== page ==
S. Lynne Walker, executive director of InquireFirst, traveled to five Mexican states in September 2016 to instruct a series of investigative journalism and digital journalism workshops for reporters, editors, students and professors.
More than 150 journalists, university students and professors in Chihuahua, Nuevo Leon, Saltillo, Jalisco and Michoacan attended the journalism training sessions, which were organized by U.S. Consulates in Guadalajara, Monterrey and Ciudad Juarez and instructed by Walker in Spanish.
In Chihuahua City, Walker instructed a six-hour workshop over two days for print, radio and broadcast journalists, some of whom traveled several hours from distant cities to attend. The workshop focused on three key subjects: investigative reporting techniques, interview and writing techniques and an internationally accepted code of ethics for investigative reporters.
Walker also led a workshop on financing methods for on-line investigative promotes journalism. And she met with members of the Free Journalism Network (Red de Periodismo Libre), which promotes professional development while strengthening the investigative skills of colleagues covering crime and corruption.
In Coahuila, Saltillo, Walker led a Free the Press seminar that consisted of an interactive workshop attended by more than 40 journalists on developing an investigative story. More than 200 undergraduate students of communications, psychology, social work and social sciences at the Autonomous University of Coahuila, a state university founded in 1957, attended a lecture by Walker on “Borders, Migration and Investigative Reporting: Telling the Complex Story of International Migration.” Walker also met with academics and faculty to discuss the curriculum of the university’s new journalism program.
Walker instructed a virtual session with journalists in Nuevo Laredo and Matamoros as well as a seminar at the Benjamin Franklin Library in Monterrey with journalists from Monterrey, Saltillo and San Luis Potosi.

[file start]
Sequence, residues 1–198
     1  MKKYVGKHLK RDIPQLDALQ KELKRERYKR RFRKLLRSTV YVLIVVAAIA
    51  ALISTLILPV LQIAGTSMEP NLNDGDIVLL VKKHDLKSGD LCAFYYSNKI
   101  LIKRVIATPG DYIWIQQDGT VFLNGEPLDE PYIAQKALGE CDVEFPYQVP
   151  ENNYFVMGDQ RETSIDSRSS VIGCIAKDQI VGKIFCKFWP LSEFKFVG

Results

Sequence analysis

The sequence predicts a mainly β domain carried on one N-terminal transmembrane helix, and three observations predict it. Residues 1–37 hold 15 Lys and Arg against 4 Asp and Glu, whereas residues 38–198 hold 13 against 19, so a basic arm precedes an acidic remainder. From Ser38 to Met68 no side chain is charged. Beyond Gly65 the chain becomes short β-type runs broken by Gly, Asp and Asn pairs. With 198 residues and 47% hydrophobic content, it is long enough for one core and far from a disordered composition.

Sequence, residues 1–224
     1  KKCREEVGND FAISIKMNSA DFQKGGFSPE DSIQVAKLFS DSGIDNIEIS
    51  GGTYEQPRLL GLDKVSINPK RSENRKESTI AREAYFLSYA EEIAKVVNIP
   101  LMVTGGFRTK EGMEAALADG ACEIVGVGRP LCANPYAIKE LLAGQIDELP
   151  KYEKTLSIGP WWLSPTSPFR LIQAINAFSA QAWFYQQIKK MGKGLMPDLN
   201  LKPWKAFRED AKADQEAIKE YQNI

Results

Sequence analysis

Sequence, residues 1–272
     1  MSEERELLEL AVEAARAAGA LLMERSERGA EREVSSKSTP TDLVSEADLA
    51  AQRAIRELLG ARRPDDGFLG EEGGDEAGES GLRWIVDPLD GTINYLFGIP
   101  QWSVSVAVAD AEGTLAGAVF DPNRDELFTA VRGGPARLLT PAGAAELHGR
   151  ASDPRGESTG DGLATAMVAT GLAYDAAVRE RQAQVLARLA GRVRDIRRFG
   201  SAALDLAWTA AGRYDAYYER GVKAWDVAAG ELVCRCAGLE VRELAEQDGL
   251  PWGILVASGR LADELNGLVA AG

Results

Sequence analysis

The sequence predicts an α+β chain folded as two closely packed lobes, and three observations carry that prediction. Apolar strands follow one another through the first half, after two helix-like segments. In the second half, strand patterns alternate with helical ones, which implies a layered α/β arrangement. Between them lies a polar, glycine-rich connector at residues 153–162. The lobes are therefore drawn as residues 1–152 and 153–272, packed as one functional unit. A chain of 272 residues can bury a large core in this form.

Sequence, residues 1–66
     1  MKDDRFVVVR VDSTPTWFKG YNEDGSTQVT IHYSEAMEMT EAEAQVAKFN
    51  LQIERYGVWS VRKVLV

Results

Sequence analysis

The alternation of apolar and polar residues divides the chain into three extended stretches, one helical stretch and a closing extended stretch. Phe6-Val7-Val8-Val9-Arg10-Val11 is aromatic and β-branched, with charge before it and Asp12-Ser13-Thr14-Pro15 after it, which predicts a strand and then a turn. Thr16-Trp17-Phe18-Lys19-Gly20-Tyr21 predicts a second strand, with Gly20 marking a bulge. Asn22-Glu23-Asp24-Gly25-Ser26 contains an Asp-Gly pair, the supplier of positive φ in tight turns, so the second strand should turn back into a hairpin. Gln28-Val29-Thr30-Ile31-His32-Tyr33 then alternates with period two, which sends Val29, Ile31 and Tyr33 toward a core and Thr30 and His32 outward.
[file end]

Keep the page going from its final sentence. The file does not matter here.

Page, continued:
During the dynamic, interactive sessions, Walker worked with journalists on interview techniques to help them drill down on investigative subjects and get information for detail-rich, well-sourced investigative reports. Walker then worked with journalists on ways to organize the complex material into compelling investigative stories.
In Morelia, Michoacán, Walker met with approximately 25 reporters and editors to help them develop new ways of identifying credible sources for their investigative reports and focused the session on working with journalists to develop a story on international organized crime.
At Lake Chapala, Walker led a round-table discussion with regional/rural reporters who talked about the challenges they face in presenting credible news coverage.
Some 35 journalists at El Informador, Guadalajara’s newspaper of record, attended an interactive workshop led by Walker, who then met with the paper’s top editors about the future of print media in Mexico.
The final two days of the program were conducted in collaboration with the University of Guadalajara’s Digital Journalism Center. The program focused on reporting, organizing and writing investigative stories, journalism ethics and new financial models for online investigative journalism. Walker also conducted one-on-one consultations with the journalists participating in the program.